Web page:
What might hold Robinson back - or in the case of Erinle, what is holding him back as we speak? As an old open-side specialist himself, and a supremely intelligent one at that, Robinson knows a thing or two about the stresses and strains of the breakaway position and has yet to be convinced that Rees would prosper in a tactical environment far removed from that in vogue at Wasps. He also has his loyalties. Lewis Moody, the Lions Test flanker, is "a given", to use the coach's own phrase. Robinson also has a soft spot for the industrious Andy Hazell of Gloucester, despite the West Countryman's blatant lack of star quality. Rees will have to perform even more dynamically than usual to force the man who matters into a change of mind.

Erinle? Robinson readily agrees that the 17st centre amounts to what might be described as a handful when moving in a forward direction, but he steadfastly refuses to buy the argument that size alone matters. Is Erinle the real deal in defence? Can he read the midfield runes as well as a Tindall or a Stuart Abbott? Does he have real hands, or are those lumps of stone on the ends of his arms? In short, can he play? In the coach's opinion, the jury is still out and calling for more sandwiches.

Varndell is another matter entirely. Had the youngster from Colston's School in Bristol, where Robinson once taught, been playing like this a year ago, he might well have made the cut for one of the three forthcoming Tests. But that was before the Mathew Tait incident. Tait, the teenage Newcastle centre, was playing out of his skin in the weeks leading into last season's Six Nations Championship, and Robinson duly selected him to face Wales in Cardiff. Unfortunately, England crossed the Severn Bridge without a defensive kicking game and as a result, they lost a match they should have won. Robinson lost his nerve, dropped Tait for the following fixture and has been in knots about it ever since.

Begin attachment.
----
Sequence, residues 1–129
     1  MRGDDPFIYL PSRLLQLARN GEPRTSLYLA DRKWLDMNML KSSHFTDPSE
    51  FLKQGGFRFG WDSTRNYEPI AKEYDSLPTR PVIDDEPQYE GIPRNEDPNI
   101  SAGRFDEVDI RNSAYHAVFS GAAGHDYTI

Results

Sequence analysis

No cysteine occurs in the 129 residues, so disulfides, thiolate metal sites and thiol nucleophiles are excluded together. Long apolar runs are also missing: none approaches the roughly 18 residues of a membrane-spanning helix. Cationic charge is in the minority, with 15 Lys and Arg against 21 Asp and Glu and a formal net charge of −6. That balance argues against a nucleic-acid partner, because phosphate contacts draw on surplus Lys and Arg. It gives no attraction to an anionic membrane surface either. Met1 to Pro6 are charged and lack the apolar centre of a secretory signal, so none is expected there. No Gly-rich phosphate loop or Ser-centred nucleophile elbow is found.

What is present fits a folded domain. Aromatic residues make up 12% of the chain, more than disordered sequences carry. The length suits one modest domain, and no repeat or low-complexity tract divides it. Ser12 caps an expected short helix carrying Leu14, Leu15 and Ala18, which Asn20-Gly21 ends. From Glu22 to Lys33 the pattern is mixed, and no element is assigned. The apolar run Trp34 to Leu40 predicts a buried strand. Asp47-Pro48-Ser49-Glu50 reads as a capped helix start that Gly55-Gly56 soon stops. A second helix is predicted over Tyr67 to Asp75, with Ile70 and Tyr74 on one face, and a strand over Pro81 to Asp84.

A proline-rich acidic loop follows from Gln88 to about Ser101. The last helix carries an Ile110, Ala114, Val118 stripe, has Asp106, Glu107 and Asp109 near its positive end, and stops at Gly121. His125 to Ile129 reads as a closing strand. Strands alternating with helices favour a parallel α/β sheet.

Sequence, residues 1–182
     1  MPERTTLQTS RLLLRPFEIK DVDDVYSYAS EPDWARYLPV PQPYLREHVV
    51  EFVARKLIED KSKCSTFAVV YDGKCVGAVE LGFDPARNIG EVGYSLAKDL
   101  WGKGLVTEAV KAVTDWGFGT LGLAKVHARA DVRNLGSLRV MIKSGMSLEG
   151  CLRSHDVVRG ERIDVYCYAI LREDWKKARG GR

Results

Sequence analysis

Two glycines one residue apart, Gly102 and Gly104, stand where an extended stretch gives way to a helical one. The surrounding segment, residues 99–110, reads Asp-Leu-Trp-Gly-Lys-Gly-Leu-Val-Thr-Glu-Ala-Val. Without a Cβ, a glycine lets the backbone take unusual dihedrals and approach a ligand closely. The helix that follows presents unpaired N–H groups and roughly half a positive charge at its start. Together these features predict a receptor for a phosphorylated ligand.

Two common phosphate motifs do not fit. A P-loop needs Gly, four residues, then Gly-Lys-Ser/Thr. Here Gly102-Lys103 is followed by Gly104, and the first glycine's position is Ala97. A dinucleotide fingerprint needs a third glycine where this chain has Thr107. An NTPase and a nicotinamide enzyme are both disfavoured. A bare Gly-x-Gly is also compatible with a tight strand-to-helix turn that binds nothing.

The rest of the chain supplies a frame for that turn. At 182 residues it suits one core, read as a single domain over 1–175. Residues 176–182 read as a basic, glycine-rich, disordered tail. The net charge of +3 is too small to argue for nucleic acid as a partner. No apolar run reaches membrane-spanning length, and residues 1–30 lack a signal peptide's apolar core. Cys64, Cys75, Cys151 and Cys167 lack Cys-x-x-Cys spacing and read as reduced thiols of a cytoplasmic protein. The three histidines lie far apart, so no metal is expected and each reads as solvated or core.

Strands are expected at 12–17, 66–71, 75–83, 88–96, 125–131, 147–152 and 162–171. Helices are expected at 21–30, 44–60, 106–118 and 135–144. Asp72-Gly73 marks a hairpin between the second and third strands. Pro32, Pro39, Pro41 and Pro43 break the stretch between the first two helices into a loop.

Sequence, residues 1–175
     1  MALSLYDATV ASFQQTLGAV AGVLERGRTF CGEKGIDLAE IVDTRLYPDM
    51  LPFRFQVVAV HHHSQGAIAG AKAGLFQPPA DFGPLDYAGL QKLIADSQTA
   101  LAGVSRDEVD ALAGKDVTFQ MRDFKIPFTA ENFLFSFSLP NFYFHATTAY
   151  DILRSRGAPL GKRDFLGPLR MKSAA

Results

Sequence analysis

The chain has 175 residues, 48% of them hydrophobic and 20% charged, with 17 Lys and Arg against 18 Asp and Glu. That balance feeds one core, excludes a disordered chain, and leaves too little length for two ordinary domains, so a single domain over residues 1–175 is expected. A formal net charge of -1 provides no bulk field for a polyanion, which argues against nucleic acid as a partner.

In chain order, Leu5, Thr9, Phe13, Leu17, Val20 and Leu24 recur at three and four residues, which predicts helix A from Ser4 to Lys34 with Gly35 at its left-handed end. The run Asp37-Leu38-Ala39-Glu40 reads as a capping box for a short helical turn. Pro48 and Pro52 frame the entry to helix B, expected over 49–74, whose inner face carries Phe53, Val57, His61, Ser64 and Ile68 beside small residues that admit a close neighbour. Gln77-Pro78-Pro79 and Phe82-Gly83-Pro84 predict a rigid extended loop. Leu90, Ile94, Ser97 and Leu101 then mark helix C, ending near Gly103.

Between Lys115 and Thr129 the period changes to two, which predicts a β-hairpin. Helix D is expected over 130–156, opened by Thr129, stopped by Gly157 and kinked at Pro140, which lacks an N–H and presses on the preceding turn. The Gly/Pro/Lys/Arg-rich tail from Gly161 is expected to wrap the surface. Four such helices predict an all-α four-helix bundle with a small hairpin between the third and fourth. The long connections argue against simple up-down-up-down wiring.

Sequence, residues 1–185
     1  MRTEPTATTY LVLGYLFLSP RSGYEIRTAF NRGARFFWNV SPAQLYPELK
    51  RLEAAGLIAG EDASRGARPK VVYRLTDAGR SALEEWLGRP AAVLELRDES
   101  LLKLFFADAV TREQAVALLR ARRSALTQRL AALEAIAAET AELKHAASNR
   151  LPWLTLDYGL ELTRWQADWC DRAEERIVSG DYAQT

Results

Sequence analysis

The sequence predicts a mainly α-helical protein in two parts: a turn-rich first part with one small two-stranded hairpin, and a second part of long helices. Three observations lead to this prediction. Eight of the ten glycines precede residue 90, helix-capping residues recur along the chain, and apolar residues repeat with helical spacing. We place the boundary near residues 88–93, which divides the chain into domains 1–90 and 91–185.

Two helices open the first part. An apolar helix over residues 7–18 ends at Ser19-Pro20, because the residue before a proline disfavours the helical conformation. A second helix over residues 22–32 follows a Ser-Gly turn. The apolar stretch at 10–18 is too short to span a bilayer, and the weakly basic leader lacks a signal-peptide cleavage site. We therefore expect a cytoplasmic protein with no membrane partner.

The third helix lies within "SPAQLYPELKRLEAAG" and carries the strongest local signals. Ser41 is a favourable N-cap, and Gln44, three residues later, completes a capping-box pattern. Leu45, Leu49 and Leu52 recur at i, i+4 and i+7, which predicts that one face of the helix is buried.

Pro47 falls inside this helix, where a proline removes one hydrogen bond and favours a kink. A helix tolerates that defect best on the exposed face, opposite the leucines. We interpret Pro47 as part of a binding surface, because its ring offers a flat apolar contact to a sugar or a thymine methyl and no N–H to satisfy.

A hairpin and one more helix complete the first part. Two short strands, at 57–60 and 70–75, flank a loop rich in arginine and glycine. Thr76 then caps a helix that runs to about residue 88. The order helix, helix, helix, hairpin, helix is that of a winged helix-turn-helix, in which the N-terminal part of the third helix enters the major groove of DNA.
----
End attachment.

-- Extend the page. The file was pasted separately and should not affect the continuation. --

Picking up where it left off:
Tait has just made back into the Newcastle team and did some nice things at Northampton last weekend, but as he is not yet the player he was - depressing, given that he is only 19, but true nevertheless - the risk of being accused of poisoning the well still further through acts of premature promotion is not one Robinson is in any hurry to take. In a sense, he is damned if he does and damned if he doesn't. An early debut for Varndell marked by a hat-trick of fleet-footed tries would provoke plenty of political point-scoring from the Premiership fraternity, keen to emphasise their contribution to player development at a time when the debate over central contracts is being resurrected. A debut marked by abject failure and a loss of confidence would leave the coach open to fresh allegations of insensitive handling.